Food movies

While you were out breaking your back gathering in the harvest, Jonathan Adams was inside on the couch rating his favourite movies about food. And he was drunk.

The Cook, the Thief, His Wife, and Her Lover (1989). Peter Greenaway’s satirical allegory of the Thatcher era in Britain features a wealthy, mannerless philistine who bosses people around at a gourmet restaurant. Just like Margaret Thatcher! The philistine, or “Thief” of the title, is cuckolded by his Wife (Helen Mirren), who conducts her trysts in the kitchen with a sensitive, bookish man, while her husband gorges himself outside. When the Thief learns of this betrayal, he goes rampaging through the restaurant in pursuit; the Wife and the Lover must make their escape by hiding in the back of the garbage truck that comes to collect all the rotten food from the kitchen. Their hurry is such that they happen to be completely naked when they are shuffled into the truck beside all the rancid meat and maggots and so forth. And that’s not even the grossest part of the movie.

Tampopo (1985). Often regarded as one of the funniest movies ever made, Juzo Itami’s second film is a Japanese comedy–or possibly western–about a stranger who comes to town to teach a local, recently-widowed noodle chef how to make the perfect ramen. As the film progresses, noodles gradually become less a meal than a moral philosophy.

The Gold Rush (1925). Hunger is the key motivation in nearly all Charlie Chaplin’s films; hence the appearance of food is always an occasion for ecstatic rejoicing. In The Gold Rush, the Tramp and a burly prospecter find themselves trapped together in a log cabin deep in the snowy mountain wilderness. When hunger sets in, the prospecter becomes delirious and imagines the Tramp as a giant, luscious chicken (allowing for a brilliant costume piece). Meanwhile, the Tramp resorts to boiling up his boot for the two men to dine on. Later in the movie, Chaplin returns to civilization and tries to impress a girl with his famous dinner roll dance.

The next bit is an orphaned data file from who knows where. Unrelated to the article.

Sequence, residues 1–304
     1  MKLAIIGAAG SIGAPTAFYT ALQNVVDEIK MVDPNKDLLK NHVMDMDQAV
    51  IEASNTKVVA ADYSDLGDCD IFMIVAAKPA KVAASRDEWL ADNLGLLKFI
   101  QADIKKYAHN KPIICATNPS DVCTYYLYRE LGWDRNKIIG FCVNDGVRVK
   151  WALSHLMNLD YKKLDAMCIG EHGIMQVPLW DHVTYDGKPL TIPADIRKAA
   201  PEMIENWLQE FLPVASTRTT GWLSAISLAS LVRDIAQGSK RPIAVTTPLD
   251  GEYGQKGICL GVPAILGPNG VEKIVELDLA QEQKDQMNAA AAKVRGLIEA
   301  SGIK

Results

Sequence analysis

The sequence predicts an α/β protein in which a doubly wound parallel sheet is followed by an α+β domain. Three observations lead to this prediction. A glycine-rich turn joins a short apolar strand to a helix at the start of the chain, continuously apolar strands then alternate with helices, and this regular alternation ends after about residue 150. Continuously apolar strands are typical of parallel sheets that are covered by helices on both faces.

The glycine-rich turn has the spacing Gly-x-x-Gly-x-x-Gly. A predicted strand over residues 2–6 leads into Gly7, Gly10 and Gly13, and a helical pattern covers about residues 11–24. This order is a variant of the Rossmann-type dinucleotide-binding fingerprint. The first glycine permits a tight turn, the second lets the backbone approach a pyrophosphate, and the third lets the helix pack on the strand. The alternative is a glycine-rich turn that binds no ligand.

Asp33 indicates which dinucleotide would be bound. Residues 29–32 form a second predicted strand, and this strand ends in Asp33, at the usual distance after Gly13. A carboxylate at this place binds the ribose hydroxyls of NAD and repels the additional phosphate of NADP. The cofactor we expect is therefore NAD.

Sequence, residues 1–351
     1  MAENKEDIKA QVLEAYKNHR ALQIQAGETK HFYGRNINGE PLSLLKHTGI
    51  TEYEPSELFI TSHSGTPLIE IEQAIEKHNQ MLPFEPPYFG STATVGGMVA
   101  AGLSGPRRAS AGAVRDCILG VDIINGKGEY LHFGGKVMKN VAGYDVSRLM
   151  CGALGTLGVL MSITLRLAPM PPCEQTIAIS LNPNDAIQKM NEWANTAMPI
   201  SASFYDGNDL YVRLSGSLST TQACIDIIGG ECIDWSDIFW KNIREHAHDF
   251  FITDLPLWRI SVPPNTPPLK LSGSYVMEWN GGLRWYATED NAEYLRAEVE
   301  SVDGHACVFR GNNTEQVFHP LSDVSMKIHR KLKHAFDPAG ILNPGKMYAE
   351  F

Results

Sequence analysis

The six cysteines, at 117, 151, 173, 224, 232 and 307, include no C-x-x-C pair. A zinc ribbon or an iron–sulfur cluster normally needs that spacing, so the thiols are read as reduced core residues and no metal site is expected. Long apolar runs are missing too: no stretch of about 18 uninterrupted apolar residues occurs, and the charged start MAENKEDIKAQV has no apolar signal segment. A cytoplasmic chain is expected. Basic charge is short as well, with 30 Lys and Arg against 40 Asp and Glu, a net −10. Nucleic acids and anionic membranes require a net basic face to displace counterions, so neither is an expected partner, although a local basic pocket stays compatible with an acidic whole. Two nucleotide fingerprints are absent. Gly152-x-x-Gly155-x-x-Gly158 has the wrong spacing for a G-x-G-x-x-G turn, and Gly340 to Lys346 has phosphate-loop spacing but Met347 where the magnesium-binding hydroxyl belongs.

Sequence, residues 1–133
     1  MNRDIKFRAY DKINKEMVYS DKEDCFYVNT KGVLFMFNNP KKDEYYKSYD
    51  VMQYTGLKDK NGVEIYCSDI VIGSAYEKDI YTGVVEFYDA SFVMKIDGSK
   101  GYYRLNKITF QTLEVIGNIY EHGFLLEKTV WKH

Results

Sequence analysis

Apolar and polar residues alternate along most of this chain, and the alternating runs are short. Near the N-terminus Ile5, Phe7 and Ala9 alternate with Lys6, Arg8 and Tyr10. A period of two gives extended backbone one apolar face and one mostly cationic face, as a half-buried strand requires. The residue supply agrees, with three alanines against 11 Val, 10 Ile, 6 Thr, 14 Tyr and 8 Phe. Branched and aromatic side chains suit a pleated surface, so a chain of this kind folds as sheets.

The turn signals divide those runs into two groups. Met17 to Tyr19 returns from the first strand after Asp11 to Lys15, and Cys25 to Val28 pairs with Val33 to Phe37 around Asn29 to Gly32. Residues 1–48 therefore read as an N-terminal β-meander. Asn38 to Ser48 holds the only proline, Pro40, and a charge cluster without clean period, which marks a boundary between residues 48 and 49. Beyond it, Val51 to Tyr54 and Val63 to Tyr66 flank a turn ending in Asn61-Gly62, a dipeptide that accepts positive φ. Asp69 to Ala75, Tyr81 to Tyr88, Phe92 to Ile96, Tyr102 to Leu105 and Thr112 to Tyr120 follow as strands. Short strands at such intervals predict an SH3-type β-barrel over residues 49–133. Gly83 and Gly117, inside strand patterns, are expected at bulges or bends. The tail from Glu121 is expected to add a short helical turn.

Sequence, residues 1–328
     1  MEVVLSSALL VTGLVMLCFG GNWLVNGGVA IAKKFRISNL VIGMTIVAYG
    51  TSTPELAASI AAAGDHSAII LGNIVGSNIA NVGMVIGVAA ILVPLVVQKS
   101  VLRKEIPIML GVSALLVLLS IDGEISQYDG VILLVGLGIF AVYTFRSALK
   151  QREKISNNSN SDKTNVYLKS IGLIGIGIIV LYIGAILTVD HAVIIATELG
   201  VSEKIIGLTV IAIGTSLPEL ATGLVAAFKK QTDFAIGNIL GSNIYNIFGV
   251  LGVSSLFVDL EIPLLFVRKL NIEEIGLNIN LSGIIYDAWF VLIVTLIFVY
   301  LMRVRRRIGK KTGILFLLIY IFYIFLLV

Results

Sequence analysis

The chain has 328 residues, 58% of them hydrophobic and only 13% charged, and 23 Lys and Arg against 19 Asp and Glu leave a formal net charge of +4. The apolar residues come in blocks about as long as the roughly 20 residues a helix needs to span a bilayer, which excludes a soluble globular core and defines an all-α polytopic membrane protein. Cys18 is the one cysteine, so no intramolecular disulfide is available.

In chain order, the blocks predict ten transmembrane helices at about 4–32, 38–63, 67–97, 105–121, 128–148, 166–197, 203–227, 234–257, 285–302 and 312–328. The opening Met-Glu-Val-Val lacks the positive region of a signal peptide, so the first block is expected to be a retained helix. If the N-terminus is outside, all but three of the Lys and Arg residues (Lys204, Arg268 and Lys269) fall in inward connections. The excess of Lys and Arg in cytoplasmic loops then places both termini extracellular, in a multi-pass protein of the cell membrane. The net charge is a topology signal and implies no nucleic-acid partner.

Werner Herzog Eats His Shoe (1980). Yes, he does. In a strange, real-life homage to Chaplin’s boot supper in The Gold Rush, German director Werner Herzog (Grizzly Man) made a wager with the documentary filmmaker Errol Morris. Herzog promised to eat his own shoe if Morris succeeded in completing his first feature, Gates of Heaven. Herzog made good on his promise at the premiere, and the director Les Blank recorded it all in this 20-minute film which you can now find on YouTube. Blank has also made documentaries on more traditional cuisine, such as Garlic is as Good as Ten Mothers and Yum, Yum, Yum: A Taste of Cajun and Creole Cooking.

The Films of Jan Švankmajer. The Czech animator Jan Švankmajer has made an entire career out of playing with his food in his wonderfully surreal stop-motion films. In Meat Love, for example, a pair of steaks have something like intercourse in a bed of flour, and then are thrown into the frying pan as punishment for their fornication. It’s a lovely moral, really. Another short film called Dimensions of Dialogue features several visual metaphors for discourse, one of which involves an encounter between a human head made out of vegetables and another made out of kitchen utensils. The result of their meeting is a new head made out of chopped vegetables. The more modestly-titled Food is a short divided into three sections: one for each meal of the day. In the second section, Lunch , a couple at a restaurant express their dissatisfaction with the service by eating the restaurant itself, beginning with their table. Švankmajer’s feature-length movies (Alice; Faust; Otesanek) also feature numerous foody contortions of a similarly perverted spirit. Most of Švankmajer’s films are available on DVD.